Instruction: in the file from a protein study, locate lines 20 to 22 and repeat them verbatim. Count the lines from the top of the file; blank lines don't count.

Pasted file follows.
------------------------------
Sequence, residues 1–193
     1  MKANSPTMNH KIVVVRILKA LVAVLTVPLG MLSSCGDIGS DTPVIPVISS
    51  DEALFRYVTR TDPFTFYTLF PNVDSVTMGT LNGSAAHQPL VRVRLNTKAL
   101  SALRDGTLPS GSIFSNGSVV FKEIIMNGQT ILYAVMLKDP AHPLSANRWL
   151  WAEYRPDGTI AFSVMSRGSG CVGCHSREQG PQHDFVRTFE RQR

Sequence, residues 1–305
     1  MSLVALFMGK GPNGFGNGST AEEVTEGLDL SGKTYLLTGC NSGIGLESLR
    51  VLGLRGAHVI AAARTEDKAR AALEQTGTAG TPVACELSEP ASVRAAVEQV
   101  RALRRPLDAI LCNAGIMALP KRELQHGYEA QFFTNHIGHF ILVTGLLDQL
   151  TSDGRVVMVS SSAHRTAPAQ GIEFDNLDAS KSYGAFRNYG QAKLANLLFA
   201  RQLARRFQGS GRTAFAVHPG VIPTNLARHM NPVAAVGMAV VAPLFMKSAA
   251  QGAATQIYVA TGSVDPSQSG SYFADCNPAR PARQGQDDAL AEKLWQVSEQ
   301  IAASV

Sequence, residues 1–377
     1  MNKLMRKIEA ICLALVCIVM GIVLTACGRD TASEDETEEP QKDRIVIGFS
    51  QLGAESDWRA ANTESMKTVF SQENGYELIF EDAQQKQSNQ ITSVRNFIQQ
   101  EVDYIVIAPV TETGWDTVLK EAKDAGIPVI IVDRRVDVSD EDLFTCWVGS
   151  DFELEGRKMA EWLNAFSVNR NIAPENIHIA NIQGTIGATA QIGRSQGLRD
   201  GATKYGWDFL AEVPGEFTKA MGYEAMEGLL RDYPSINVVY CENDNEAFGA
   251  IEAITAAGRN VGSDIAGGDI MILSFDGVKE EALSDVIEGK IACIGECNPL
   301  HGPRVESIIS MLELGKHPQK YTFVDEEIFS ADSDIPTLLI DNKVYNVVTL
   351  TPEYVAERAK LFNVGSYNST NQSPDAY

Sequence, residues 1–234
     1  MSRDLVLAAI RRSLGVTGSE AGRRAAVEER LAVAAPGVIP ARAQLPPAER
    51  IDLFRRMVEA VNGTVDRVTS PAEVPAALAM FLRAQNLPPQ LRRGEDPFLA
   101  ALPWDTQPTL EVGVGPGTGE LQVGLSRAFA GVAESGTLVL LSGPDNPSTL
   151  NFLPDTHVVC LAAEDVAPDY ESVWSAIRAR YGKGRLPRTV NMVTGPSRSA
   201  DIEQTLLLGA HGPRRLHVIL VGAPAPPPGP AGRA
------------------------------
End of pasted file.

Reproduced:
   251  IEAITAAGRN VGSDIAGGDI MILSFDGVKE EALSDVIEGK IACIGECNPL
   301  HGPRVESIIS MLELGKHPQK YTFVDEEIFS ADSDIPTLLI DNKVYNVVTL
   351  TPEYVAERAK LFNVGSYNST NQSPDAY